The almost instantaneous fire only scares spectators until they are informed of temperatures recorded a little below, 610ºC at a mere 13 meters deep.
In another measurement, the incredible temperature of 277°C just 10cm below ground.
This underground furnace is impressive, not least because it survives in periods of volcanic inactivity. But compared to the long hell in the genesis of PN Timanfaya's scenarios, it is nothing but thermal.
1730 – 36 and the Volcanic Cataclysm that Generated the Extraterrestrial Domain of PN Timanfaya
Let's go back to September 1730. Lanzarote had three centuries of European colonization and a population spread over several villages.
At that time, the resistance of the indigenous majes it had long been repressed and the autonomous life of the natives nearly eradicated. The main concern of the colonists remained the attacks of the Berber pirates and privateers in the service of the British crown, in the case of Sir Walter Raleigh.
So it was until, as Father Lorenzo Curbelo recounted, “on September 1, 1730, between nine and ten at night, the land opened up at Timanfaya, two leagues from Yaiza…and a huge mountain rose from the bosom of the earth.”
Thereafter and for six years, the eruptions followed one another in different craters in the southwest of the island, which confirmed a unique volcanic cataclysm.
It is estimated that about two billion cubic meters of lava and ash were dumped on what were once arable land and settlements, part of torrents that entered the Atlantic and caused Lanzarote to spread to the south and southwest.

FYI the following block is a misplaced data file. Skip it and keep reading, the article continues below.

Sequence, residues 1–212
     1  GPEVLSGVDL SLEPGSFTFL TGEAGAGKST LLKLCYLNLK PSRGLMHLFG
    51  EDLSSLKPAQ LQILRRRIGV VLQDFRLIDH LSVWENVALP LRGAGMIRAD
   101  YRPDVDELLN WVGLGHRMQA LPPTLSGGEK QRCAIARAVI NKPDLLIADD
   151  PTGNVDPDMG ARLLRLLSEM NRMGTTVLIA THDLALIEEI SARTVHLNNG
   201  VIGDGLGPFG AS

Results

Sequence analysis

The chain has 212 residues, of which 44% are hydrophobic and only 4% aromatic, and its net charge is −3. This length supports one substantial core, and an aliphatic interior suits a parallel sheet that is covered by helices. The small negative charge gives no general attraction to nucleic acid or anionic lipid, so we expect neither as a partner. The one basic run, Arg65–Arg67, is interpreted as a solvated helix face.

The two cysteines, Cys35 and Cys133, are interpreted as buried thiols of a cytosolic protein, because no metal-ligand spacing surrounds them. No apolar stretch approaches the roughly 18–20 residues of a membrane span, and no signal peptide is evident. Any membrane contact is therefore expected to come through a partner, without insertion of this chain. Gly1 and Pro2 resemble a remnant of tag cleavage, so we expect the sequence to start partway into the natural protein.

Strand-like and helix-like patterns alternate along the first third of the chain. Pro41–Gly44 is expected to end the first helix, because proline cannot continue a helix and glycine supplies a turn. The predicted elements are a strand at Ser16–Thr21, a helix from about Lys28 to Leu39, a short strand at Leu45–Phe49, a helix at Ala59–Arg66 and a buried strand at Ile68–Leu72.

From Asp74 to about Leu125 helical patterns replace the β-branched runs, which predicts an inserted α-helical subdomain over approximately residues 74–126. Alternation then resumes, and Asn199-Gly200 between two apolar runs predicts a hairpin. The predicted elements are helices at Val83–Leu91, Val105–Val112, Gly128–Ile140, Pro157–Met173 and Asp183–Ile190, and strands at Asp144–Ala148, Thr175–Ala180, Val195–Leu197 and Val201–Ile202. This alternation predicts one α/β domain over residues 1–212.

There were no human victims but a good part of the cattle perished as a victim of toxic gases. In time, nearly half of the island's inhabitants were forced to leave. Lanzarote has become more inhospitable than it already was.
The island has recovered. No longer are the villages buried, at least the number of inhabitants in recent decades, thanks to the intensification of tourism due to its newly formed volcanic and humanized landscape.
At the end of the day, leaving the park, returning to the lodge on the east coast, we passed some of the newest residents.
After the entrance to Yaiza, before reaching the roundabout de los Camellos,
Fatah led a long caravan of his dromedaries on their way to the farm where they spent their nights blackened by the lava soil of Lanzarote.